Musicals : A Utopia Of Wealth And Happiness Essay

2039 Words Dec 6th, 2016 9 Pages
While most films offer a sort of distraction from reality, musicals are often a utopia of wealth and happiness (Belton, 2009). Through dazzling song and dance, they make routine look like pageantry and loneliness feel like individuality. Even the most conservative of musicals transform the everyday into a spectacle, transitioning dramatic tensions into a melodic fanfare. Singing liberates the characters to express themselves in a way that mere words never could, giving them a freedom from the doldrums of reality that moviegoers long for. The difficulties of society seem much more manageable when crooned about, and while we know we cannot actually sing our problems away, musicals can provide a temporary escape.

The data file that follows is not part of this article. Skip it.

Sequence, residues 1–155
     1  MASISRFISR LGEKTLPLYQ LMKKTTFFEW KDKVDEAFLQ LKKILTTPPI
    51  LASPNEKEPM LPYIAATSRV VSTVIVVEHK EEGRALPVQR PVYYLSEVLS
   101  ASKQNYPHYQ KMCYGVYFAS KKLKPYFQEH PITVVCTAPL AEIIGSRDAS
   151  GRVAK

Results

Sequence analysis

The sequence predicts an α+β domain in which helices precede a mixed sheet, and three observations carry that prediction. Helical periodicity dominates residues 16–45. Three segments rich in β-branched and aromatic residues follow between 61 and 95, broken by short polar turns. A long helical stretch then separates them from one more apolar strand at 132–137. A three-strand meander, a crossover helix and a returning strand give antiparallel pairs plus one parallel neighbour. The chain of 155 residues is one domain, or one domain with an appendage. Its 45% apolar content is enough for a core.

It is not completely clear what draws people to musicals. As early as the 1500s, theater used a mixture of dialogue and song for entertainment (Greenwood, 2015). While the style does not appeal to everyone nowadays, many still find stories much more interesting when sung about. One presumption is that people’s first theatrical memories stem from childhood, listening to church choirs or participating in school musicals (Greenwood, 2015). Music allows the characters to express themselves in a way they could not through just spoken word. It can distinguish angry yelling from boisterous cheering through melody. Musicals are all about the fantasy, and the right song can transport the audience through to the happy ending. One such popular film is 2002’s Chicago, starring…

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